- Bill Starkey
The World Green Building Council: Driving a Sustainable Construction Industry
Established in 1993 by David Gottfried, Rick Fedrizzi, and Mike Italiano, the US Green Building Council promotes sustainable practices in the construction and building industry. Around the world, advocates for sustainable building came to recognize the US Green Building Council’s game-changing impact, realizing that they too needed a similar movement in their own respective countries. Here’s what you need to know:
Establishment and Expansion
This first Green Building Council eventually grew to become a global movement, uniting the trade up and down the value chain to promote and advance sustainable building. Recognizing rapidly growing global interest in green building, US Green Building Council CEO David Gottfried oversaw formation of the United Nations of Green Building Councils, launching the organization that went on to become the World Green Building Council.
The World Green Building Council seeks to support development of Green Building Councils around the world and bring them together with a common purpose and voice. The organization’s founding meeting was held in California in 1999. The World Green Building Council was officially established in 2002, bringing together Green Building Councils from the USA, Canada, Mexico, Brazil, Japan, India, Australia, and Spain.
The World Green Building Council formally established a Secretariat in Toronto, Canada in 2007. The Toronto and Region Conservation Authority agreed to deliver key support, and the Province of Ontario pledged $1 million in start-up funding annually for each of the first three years of its operation.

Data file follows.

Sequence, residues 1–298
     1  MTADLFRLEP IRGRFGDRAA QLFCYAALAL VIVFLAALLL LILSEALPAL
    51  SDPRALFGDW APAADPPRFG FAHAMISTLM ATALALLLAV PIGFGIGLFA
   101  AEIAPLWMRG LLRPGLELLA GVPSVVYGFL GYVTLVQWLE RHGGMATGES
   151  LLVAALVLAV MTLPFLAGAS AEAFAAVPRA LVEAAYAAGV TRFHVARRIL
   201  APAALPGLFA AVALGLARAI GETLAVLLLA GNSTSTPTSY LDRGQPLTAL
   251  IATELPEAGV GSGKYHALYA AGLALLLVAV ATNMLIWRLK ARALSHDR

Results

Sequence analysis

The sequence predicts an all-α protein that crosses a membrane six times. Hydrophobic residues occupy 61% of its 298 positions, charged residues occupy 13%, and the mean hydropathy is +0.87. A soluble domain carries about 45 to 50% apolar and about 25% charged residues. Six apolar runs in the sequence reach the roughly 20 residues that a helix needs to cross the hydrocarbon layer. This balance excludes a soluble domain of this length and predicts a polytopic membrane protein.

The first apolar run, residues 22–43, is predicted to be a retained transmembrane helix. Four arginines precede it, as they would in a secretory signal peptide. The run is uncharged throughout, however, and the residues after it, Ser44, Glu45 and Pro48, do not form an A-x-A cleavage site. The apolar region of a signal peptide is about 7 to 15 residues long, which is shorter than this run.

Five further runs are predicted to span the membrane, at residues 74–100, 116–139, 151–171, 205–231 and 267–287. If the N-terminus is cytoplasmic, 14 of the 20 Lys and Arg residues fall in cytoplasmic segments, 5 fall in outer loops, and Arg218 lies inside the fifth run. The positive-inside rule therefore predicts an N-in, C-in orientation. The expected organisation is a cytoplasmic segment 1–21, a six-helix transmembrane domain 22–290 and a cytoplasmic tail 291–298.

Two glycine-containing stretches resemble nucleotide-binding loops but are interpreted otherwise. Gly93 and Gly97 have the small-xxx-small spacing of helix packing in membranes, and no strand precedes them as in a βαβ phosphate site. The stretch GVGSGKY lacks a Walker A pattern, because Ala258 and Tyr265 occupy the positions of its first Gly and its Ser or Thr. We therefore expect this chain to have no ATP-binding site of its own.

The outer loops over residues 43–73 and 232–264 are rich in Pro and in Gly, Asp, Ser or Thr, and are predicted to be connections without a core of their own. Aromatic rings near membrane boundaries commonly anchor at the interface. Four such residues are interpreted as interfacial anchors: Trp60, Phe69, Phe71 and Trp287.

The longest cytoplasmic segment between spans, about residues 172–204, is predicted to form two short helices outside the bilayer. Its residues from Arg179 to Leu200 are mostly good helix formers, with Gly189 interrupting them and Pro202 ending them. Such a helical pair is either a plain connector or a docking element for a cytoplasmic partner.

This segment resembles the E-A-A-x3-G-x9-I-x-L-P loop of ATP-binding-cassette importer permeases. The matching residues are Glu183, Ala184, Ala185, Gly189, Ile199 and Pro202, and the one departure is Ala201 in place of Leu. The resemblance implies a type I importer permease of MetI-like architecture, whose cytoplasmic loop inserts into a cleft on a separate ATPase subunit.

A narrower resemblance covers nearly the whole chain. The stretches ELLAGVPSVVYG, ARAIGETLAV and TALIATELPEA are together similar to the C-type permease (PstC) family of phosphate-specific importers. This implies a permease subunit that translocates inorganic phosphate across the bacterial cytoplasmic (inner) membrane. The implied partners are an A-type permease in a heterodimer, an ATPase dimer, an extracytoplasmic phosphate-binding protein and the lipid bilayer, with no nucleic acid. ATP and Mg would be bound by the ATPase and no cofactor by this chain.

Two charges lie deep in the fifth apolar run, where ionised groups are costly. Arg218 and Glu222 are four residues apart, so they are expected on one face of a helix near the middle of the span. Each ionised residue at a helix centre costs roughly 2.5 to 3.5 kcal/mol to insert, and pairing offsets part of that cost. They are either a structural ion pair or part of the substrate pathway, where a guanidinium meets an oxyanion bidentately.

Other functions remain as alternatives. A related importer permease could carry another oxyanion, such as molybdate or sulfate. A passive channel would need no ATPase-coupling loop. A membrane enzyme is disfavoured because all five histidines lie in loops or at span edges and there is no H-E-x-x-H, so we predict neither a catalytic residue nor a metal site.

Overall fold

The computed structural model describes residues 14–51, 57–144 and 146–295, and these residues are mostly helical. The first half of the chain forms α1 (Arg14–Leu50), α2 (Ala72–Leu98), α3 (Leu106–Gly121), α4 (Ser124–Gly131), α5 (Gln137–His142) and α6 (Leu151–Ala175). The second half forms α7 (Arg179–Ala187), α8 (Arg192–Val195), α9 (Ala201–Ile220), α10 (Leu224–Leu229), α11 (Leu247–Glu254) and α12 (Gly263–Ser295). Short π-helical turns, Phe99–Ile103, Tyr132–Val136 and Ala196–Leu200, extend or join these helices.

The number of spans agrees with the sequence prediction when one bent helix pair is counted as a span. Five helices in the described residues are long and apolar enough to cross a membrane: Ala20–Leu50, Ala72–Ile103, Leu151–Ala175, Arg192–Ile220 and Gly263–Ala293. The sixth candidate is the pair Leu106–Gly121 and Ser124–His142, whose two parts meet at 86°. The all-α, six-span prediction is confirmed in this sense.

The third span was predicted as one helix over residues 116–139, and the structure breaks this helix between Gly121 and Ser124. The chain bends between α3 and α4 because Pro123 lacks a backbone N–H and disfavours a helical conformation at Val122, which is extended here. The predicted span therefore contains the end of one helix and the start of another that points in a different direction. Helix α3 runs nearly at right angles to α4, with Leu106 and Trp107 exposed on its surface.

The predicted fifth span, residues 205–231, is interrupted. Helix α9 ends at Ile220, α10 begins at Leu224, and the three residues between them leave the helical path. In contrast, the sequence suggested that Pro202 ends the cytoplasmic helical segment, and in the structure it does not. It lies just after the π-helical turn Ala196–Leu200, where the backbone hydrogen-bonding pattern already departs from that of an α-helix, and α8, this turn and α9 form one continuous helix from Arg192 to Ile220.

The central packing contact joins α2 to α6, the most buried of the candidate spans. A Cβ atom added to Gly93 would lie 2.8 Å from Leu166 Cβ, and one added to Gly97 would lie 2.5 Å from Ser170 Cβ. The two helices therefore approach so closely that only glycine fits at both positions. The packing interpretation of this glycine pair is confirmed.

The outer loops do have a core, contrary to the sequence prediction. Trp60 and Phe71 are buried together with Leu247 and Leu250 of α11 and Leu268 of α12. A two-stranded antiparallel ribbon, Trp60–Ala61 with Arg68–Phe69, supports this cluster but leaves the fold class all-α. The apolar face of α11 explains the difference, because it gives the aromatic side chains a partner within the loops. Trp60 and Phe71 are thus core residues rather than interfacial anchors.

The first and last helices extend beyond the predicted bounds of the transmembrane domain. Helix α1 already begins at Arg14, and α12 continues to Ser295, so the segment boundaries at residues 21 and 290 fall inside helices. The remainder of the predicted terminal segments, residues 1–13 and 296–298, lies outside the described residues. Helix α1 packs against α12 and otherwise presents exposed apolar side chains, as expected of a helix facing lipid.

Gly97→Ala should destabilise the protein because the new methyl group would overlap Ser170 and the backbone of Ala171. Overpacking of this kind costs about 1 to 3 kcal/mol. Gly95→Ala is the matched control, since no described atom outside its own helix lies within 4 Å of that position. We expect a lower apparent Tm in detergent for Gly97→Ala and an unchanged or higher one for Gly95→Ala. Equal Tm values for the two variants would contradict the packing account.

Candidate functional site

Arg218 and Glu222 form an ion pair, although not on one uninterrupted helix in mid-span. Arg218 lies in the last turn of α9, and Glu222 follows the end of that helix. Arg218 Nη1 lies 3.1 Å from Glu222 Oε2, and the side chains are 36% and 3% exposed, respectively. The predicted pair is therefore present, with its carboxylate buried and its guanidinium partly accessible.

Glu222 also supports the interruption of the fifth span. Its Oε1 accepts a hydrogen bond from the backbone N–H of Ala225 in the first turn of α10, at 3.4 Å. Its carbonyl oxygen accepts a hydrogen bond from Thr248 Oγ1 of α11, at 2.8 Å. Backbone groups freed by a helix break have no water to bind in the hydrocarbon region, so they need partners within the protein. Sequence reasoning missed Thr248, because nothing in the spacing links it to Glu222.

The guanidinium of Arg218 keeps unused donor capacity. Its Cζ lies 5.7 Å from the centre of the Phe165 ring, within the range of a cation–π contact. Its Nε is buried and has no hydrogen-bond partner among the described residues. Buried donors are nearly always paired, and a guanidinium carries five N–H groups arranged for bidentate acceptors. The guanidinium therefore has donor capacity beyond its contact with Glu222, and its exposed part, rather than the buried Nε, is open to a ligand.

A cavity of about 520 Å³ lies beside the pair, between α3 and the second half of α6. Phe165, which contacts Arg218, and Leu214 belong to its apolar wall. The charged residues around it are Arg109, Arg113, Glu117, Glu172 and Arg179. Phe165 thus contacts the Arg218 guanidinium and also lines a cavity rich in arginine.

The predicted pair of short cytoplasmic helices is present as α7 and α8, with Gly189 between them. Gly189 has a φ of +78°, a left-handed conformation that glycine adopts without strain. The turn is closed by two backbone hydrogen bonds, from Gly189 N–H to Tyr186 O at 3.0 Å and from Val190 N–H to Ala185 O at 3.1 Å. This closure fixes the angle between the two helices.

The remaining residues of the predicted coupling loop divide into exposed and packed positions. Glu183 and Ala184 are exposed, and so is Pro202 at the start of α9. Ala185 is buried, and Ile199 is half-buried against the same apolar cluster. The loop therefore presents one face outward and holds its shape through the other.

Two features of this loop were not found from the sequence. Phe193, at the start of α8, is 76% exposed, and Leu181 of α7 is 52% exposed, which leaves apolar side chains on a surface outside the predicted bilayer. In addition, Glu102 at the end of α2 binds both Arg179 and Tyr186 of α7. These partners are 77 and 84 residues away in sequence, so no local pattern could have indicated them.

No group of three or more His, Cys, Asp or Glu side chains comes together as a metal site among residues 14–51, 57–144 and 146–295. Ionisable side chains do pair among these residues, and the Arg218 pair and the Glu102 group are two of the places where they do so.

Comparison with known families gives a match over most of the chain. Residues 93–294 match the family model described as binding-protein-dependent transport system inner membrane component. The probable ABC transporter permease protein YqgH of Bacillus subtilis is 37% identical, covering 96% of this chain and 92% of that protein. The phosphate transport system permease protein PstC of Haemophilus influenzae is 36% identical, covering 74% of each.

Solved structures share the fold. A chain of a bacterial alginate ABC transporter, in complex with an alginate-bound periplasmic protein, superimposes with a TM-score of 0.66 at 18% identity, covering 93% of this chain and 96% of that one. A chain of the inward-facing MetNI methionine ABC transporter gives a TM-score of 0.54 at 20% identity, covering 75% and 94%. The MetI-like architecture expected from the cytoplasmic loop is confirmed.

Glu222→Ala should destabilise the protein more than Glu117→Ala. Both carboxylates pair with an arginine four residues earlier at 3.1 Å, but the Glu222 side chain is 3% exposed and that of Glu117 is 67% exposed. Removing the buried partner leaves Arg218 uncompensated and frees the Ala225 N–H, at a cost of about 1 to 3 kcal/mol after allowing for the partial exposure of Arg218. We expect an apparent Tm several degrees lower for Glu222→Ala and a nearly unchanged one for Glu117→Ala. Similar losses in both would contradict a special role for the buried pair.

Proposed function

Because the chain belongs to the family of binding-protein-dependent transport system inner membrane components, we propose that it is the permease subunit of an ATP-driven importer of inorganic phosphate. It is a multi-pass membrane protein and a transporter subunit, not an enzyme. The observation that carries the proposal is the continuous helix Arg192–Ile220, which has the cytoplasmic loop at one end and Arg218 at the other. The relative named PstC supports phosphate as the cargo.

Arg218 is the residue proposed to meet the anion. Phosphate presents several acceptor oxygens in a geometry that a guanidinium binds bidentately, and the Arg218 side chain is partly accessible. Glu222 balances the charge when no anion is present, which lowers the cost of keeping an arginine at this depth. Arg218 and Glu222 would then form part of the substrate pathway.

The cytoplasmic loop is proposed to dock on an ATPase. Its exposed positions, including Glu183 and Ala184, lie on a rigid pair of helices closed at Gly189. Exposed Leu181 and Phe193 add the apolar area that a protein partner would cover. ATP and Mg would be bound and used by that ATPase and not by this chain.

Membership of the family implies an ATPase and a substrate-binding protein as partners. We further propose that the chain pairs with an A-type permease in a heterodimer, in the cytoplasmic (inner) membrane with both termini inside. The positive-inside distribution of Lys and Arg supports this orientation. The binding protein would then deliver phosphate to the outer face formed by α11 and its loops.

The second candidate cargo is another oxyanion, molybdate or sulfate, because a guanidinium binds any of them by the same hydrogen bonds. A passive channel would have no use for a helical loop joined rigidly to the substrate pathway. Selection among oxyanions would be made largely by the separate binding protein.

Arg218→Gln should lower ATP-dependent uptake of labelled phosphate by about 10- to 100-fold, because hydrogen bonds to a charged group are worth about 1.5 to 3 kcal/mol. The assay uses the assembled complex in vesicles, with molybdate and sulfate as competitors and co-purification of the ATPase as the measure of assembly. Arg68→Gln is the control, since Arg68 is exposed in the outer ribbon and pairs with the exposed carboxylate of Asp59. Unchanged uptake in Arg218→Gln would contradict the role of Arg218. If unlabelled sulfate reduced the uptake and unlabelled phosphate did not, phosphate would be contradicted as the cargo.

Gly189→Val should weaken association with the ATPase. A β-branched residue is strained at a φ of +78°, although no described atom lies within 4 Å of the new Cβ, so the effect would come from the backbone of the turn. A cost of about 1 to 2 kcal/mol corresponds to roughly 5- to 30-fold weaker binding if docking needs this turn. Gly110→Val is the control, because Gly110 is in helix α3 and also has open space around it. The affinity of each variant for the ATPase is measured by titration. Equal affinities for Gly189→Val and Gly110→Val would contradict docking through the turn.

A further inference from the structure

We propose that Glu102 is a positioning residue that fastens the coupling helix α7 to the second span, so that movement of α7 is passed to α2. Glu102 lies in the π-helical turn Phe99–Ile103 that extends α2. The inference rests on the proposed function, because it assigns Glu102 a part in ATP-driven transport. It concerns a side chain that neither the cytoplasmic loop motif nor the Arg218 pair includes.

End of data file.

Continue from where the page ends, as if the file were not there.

Over time, the World Green Building Council has evolved significantly in terms of its focus and structure. It launched five Regional Networks and three membership levels—Prospective, Emerging, and Established—to facilitate growing global interest and membership. The organization formed a Corporate Advisory Board in 2010. By 2012, the total number of Green Building Councils worldwide had grown from 9 to 71 members.
To qualify as a “green building,” a structure must reduce or eliminate adverse impacts on the natural environment and climate as a result of its design, construction, or operation. Some green buildings even have a beneficial environmental impact. Essentially, green buildings preserve natural resources, while concurrently advancing quality of life for those who use them.
Buildings must meet numerous criteria to be deemed “green,” including:
- Running on solar power or other renewable energy.
- Using resources like energy and water economically.
- Providing excellent interior air quality.
- Reducing waste and pollution—and enabling reuse and recycling.
- Incorporating non-toxic, sustainable, and ethically sourced materials.
- Demonstrating consideration of the environment in the structure’s design, construction, and operation.
- Demonstrating consideration of the occupants’ quality of life in the building’s design, construction, and operation.